Optimization was performed using CCD with fixed middle point of inoculum size (2·20% w/v), mannitol (4·30% w/v), FOS (3·40% w/v) and inulin (6·00% w/v). Design matrix for CCD and responses are shown in Table 4, while the adequacy and fitness were evaluated by anova and regression coefficients (Table 5). anova results indicated that the quadratic regression to produce the second-order model was significant. Lack-of-fit test was insignificant and a good coefficient regression was obtained. Inoculum size, mannitol, FOS and inulin significantly influenced cholesterol removal.

Table 4.  Combination matrix of the central composite design using coded levels for the response of cholesterol removal
Standard runBlock*FactorsCholesterol removal (μg ml−1)†
Inoculum size (X1)Mannitol (X2)FOS (X3)Inulin (X4)
  1. *1, first day of experiment; 2, second day of experiment.

  2. †All factorial and axial points are mean values of duplicates.

 11−1−1−1−130·367
 211−1−1−146·304
 31−11−1−129·586
 4111−1−141·461
 51−1−11−126·461
 611−11−142·086
 71−111−131·929
 81111−147·086
 91−1−1−1128·023
1011−1−1140·367
111−11−1123·648
12111−1139·117
131−1−11118·023
1411−11138·179
151−111124·273
161111134·351
171000053·179
181000063·648
191000056·304
201000060·054
212−200015·211
222200033·414
2320−20032·164
242020023·804
25200−2034·586
262002024·976
272000−225·523
282000235·836
292000060·836
302000050·523
Table 5.  Analysis of variance of the second-order model* and coefficient estimates for the response Y0 and factors X1, X2, X3 and X4
SourceSum of squaresd.f.Mean squareF-valueP-value
Model†4302·4214307·3210·780·0001
Residual399·171428·51  
Lack-of-fit284·111028·410·990·5541
Pure error115·07428·77  
Total4870·6029   
Factor‡Coefficient estimated.f.s.e. t-Value P-value
  1. *Y0 = 56·58 + 6·38X1 − 0·63X2 − 1·49X3 − 1·19X4 − 7·34X12−6·42X22 − 5·97X32− 5·75X42 − 0·72X1X2 + 0·34X1X3− 0·034X1X4 + 1·51X2X3− 0·50X2X4− 1·01X3X4.

  2. R2 = 0·9540.

  3. X1: inoculum size (% w/v), X2: mannitol (% w/v), X3: FOS (% w/v), X4: inulin (% w/v).

  4. §Significant at alpha = 0·05.

Interceptc = 56·5812·21  
X1c1 = 6·3811·095·850·0001§
X2c2 = −0·6311·09−0·580·5735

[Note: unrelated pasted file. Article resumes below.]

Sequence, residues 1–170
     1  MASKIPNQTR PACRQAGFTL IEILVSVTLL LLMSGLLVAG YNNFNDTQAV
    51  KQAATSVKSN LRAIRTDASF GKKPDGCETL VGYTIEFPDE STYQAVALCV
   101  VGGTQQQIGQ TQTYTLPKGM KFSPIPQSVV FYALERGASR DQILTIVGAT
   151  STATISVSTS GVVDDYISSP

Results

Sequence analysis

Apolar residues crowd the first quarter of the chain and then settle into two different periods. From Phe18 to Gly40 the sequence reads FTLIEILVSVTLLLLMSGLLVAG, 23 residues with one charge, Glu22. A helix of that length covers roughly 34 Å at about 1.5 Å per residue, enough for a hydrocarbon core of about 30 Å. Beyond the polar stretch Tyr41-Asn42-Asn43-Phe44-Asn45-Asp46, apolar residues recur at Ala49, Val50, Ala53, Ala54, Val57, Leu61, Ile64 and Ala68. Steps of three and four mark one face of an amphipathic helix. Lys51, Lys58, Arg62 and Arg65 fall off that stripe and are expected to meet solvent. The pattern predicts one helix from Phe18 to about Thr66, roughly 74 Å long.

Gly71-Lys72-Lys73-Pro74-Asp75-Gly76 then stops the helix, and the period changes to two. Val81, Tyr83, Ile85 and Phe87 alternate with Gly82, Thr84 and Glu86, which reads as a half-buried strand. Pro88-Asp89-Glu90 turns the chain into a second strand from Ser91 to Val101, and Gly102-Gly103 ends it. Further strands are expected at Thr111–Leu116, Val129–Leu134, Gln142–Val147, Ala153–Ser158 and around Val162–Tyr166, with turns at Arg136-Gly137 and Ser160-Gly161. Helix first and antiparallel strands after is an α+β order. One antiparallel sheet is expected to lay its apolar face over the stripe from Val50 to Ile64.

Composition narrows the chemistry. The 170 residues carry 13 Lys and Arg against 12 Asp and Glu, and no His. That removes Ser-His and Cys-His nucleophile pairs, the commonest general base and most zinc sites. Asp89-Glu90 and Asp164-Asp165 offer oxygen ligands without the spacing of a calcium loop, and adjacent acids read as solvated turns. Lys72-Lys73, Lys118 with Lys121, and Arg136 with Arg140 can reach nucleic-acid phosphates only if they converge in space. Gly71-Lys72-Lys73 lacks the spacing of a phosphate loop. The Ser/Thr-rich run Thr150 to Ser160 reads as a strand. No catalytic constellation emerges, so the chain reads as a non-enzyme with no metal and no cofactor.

X3c3 = −1·4911·09−1·360·1938
X4c4 = −1·1911·09−1·100·2915
inline imagec11 = −7·3411·02−7·200·0001§
inline imagec22 = −6·4211·02−6·300·0001§
inline imagec33 = −5·9711·02−5·860·0001§
inline imagec44 = −5·7511·02−5·640·0001§
X1X2c12 = −0·7211·33−0·540·5993
X1X3c13 = 0·3411·330·2500·8044
X1X4c14 = −0·03411·33−0·0260·9799
X2X3c23 = 1·5111·331·130·2774
X2X4c24 = −0·5011·33−0·380·7120
X3X4c34 = −1·0111·33−0·760·4615

The effect of each factors were further assessed using perturbation plots, to show how the response changes as each factor moves from the chosen reference point, with all other factors held constant at reference values (Oh et al. 1995). In this study, as one particular chosen factor was assessed, the other factors were held constant at the optimum point. Figure 1 shows the perturbation plot of the factors used in this study. Although all factor showed significant quadratic effect, the curve with the most prominent change was the perturbation curve of inoculum size, compared with the other factors that were fixed at their maximum levels. Thus, we believe that inoculum size was the most significant factor that contributed to the removal of cholesterol with the most obvious quadratic effect. Although the P-values of both FOS and inulin showed similar levels of significance, it could be clearly seen from the perturbation plot that the response curve of inulin was less prominent than that of FOS.